Gus Edwards could be key to Miami's ground game

Mark Richt inherited three established running backs when he arrived at Miami, including a 1,000-yard rusher (Joseph Yearby) and an ESPN 300 recruit who scored nine touchdowns as a freshman in 2015 (Mark Walton).

But which one is Richt really excited about?

“This Gus Edwards kid,” Richt beamed, “is pretty dang good.”

In 2014 as a sophomore, backing up Duke Johnson, Edwards rushed for 349 yards and six touchdowns. But a foot injury cost him all of last season. He’s healthy now, however, and his ceiling is high, Richt believes.

So would Richt really bounce a 1,000-yard rusher from last season down the depth chart?

It makes some sense. While Miami’s ground game has recently thrived under smaller, quicker rushers -- Yearby and Johnson were each 5-9 and just a tick over 200 pounds -- Richt’s best backs at Georgia in recent years tended to be bruisers. For example:

In other words, Edwards -- 6-2, 230 -- looks the part.

And for Miami, finding a bruiser who can move might be crucial in Richt's first season.

While Johnson was an elite runner in space, the Hurricanes struggled mightily in short-yardage situations during his years as the starter (ranking 99th nationally in short-yardage conversions) and were even worse last year, when Miami converted just 47.7 percent of its tries on third-and-3 or less.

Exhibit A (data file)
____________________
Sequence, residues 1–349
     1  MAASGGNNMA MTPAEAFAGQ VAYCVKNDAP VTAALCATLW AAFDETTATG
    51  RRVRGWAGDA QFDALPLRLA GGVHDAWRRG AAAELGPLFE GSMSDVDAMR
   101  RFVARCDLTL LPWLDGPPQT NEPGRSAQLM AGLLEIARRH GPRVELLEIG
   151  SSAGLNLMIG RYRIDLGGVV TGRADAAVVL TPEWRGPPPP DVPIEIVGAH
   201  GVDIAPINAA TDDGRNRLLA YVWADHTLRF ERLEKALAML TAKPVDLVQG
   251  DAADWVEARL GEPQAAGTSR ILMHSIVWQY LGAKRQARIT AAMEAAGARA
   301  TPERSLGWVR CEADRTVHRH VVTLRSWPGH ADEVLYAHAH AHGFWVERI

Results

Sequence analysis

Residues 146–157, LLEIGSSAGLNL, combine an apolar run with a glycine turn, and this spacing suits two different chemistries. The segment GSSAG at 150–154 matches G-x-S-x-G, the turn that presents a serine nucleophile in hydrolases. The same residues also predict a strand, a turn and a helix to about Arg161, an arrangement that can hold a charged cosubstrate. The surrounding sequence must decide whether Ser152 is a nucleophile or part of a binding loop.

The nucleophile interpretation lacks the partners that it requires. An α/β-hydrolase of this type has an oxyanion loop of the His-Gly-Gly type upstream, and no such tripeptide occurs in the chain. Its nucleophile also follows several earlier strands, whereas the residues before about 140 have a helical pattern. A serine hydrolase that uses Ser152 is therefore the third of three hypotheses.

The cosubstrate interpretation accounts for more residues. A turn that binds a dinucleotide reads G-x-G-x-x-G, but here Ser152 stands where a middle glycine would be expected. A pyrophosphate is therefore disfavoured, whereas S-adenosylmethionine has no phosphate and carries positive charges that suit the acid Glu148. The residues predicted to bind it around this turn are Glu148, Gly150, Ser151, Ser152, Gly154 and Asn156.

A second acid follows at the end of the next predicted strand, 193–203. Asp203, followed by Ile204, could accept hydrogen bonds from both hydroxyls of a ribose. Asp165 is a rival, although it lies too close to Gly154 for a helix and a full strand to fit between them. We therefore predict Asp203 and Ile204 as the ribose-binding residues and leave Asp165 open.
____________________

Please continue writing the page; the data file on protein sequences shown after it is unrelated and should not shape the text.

Meanwhile, Yearby and Walton combined to average just 4.2 yards per carry on runs that weren't counted as sacks. Only Wake Forest and Kansas were worse among Power 5 programs.

The trickle-down effect was significant, resulting in more first-down passes, fewer third-down conversions and a 12-percent drop in production on play-action passes.

Of course, that can’t all be blamed on the backs. The offensive line was a weak link, too, with non-QB runs averaging just 2.32 yards per rush before contact, 57th among the Power 5 schools. While Richt is hopeful that can change this year, he admits the margin of error is razor thin.

“We probably have six or seven [O-linemen] that can play and be really competitive,” he said. “If we get one or two hurt, it may be trouble.”

Perhaps Edwards’ return will five Miami a physical presence that makes up for problems on the line. Maybe the line will take a step forward and remain healthy. Perhaps Richt’s new system will help the offense, too. Regardless, Richt feels confident -- if not altogether assured just yet -- that there will be improvement in the rushing attack from a year ago.

“I have high hopes; I’ll say that,” Richt said.